YPF Adopts Data Science To Improve Operations
YPF can now predict 5 days in advance when a well is about to stop producing due to paraffin buildup.
Early warnings can shrink the time and cost of repairs because it is easier to clear out a paraffin buildup using wireline-delivered tools and chemicals before the blockage becomes severe and the paraffin has hardened in the tubing or choke.
The new system using artificial intelligence to analyze fluctuations in the wellhead pressure for free-flowing unconventional wells could save the company an estimated $1 million per year by significantly reducing the repair time and production lost due to unclogging production tubing and choke valves, said Lucas González Day, upstream data science engineering specialist for YPF.
He delivered two technical papers on maximizing the value of well data at the recent SPE Annual Technical Conference and Exhibition in Calgary. (SPE 195940, SPE 196175).
The payoff for early paraffin warnings is relatively small, but it helps make the case for using advanced analysis to help develop other tools that it will need to manage the exploding well population in the Vaca Muerta and its other wells in Argentina.
Ultimately, YPF plans to wire all 17,000 of its wells for real-time monitoring, increasing the need to find ways to automate the job of managing all its gas wells, ranging from unconventional to tight to conventional reservoirs.
Seeking out Experts
YPF has had some data-driven wins, but still has a lot to do.
On the unconventional side, it needs to develop predictive analysis methods to provide earnings warnings of problems in dry gas wells, find a way to use real-time well data to reduce the risk of frac hits, and optimize production from wells on pumps.
Progress has been slower for analytics than expected. “We overstated what was possible,” González Day said. The company realized it “needs the involvement of many specialists” in exploration and production as well as in information technology.
González Day said engaging subject matter experts is critical. He is referring to experienced technical people who understand both the physics of production problems, and the analytical tools.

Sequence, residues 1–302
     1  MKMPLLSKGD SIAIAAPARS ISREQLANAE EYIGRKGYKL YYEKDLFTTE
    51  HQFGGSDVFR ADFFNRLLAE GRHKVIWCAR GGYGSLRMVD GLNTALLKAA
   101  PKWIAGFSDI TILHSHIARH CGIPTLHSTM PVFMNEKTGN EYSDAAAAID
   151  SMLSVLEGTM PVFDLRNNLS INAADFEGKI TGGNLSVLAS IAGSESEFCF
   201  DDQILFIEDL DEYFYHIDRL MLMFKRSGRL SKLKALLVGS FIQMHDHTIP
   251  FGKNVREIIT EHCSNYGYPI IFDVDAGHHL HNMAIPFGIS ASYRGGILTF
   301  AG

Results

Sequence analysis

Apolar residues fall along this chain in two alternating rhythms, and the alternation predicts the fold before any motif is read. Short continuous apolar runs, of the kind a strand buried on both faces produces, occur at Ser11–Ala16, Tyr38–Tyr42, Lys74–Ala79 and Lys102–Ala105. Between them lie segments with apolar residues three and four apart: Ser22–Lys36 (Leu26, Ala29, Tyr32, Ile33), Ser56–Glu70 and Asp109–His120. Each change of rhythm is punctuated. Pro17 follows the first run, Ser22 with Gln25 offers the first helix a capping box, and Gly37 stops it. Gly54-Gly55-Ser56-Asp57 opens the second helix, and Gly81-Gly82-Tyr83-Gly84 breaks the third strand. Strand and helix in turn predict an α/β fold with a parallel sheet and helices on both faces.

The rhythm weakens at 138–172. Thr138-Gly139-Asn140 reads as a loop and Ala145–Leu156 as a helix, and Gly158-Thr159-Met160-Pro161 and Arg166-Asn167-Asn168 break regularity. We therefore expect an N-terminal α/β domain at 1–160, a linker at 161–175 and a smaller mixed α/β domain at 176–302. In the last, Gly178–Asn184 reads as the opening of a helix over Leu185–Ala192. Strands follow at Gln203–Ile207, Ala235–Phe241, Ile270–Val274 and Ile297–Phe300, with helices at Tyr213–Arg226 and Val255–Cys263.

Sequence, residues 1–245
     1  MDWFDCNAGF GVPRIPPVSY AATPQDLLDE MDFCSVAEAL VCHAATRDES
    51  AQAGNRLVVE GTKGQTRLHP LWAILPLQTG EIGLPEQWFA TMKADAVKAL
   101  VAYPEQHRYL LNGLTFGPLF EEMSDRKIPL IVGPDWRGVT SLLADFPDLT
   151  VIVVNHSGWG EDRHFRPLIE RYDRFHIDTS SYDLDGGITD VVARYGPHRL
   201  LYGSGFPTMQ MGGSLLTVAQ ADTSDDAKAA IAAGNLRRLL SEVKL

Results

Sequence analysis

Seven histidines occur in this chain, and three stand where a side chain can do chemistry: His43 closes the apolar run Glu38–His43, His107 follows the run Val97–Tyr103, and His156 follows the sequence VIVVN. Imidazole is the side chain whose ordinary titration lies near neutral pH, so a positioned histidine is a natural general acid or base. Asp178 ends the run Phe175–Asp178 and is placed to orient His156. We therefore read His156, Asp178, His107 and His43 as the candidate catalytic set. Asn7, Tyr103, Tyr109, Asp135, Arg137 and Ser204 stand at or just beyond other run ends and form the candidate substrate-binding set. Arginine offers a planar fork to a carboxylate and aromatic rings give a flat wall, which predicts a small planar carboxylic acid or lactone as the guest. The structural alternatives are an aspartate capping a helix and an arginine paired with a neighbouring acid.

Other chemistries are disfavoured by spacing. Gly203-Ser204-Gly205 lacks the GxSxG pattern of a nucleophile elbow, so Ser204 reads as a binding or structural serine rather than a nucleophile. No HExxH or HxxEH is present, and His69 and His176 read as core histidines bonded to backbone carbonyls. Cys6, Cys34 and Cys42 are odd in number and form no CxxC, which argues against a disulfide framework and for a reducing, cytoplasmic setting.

One approach to the problem is finding ways to streamline data gathering.
A company survey of 900 workers found that “people spend an average of 50% of their time in finding and reformatting data for their daily use.” The data management paper said the range reported was 30-80%, and the surveys raised 400 related issues.
The strategy to maximize data use reduces the time needed to clean data by creating databases using “validated data.” YPF plans to create databases on critical issues—including well interference during fracturing, geosteering, and casing collapse.
It is also offering workshops to train workers to use business intelligence software that draws on those databases for analysis and visualization.
The company also reached out to managers in charge of the unconventional development effort to build stronger ties between the data analytics teams and those in operations, related to building and verifying databases, and working together on new analytical tools.
Initially the analytics team won support from managers in unconventional units. Longer term, it needs to build support from team members by steadily adding useful, user-friendly analytical tools.
That requires establishing better communication among people who see things quite differently: Field engineers who regularly see how unpredictable wells can be, and data scientists who find neat correlations when modeling well data.
González Day, an operations engineer in YPF’s first shale development, Loma Campana before joining the data team, sees his role as helping to translate between these worlds.
The paper listed leadership as critical. “The project leader must be a data translator, with knowledge of both the oil industry and the digital technologies.”
To Do List
Wellhead pressure charts follow a jagged path with short-term ups and downs, making it hard to detect slow building problems, such as paraffin buildup inside pipes or choke valves. The warning system analyzes six days of pressure data to predict the next few days.
Based on the analysis, by Adriana Romero, a data scientist from YPF’s research arm Y-TEC, the expected production benefit was 144 bbl on the average tubing job and 42 bbl on choke valve problems detected early.
The company is also working on a method to identify another cause of early pressure declines: water accumulation in the lateral interfering with oil and gas production. A production engineer is working with the analytics team to build a way to analyze data based on the physics of flow in laterals with liquid loading, González Day said.
YPF is also looking for outside expertise to speed progress. While in Calgary at the conference, he met with a company offering an automated control system that optimizes the operation of plunger lift and sucker rod pumps that promises to produce the most liquids with the least energy. Adding artificial lift hardware adds to the variables in wellhead pressure analysis.
González Day cautions that all of this analysis generates probabilities, not certainties, in trying to predict the future. “If people think this is magic, we are in trouble,” he said.
YPF Adopts Data Science To Improve Operations
Stephen Rassenfoss, JPT Emerging Technology Senior Editor
11 October 2019
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12 May 2020